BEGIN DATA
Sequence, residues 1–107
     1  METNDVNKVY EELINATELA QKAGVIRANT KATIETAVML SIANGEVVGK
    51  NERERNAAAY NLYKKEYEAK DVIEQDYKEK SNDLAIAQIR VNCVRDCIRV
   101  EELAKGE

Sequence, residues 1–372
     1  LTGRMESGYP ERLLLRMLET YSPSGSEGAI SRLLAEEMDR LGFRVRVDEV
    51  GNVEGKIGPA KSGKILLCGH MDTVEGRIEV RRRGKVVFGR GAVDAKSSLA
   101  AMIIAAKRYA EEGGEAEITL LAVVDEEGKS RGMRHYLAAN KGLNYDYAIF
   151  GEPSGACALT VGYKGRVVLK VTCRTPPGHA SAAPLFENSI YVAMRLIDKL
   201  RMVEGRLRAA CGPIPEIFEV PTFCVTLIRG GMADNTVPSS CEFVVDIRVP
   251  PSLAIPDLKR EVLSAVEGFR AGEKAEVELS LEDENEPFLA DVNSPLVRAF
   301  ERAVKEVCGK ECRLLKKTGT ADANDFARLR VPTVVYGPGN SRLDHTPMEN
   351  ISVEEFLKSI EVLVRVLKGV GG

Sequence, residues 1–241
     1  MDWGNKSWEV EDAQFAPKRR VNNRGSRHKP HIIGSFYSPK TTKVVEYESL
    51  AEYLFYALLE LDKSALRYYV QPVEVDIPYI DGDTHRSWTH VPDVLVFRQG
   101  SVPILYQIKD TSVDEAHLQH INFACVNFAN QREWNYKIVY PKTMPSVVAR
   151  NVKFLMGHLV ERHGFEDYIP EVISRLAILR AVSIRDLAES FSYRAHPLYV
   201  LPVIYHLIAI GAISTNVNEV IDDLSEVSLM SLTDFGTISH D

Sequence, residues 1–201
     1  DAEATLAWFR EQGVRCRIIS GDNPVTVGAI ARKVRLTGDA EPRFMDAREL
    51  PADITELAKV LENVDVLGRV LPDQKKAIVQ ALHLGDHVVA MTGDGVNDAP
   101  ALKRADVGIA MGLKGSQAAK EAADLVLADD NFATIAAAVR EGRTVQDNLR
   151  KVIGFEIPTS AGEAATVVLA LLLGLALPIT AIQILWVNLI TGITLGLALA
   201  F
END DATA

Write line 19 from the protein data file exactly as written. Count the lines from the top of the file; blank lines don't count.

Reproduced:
   201  LPVIYHLIAI GAISTNVNEV IDDLSEVSLM SLTDFGTISH D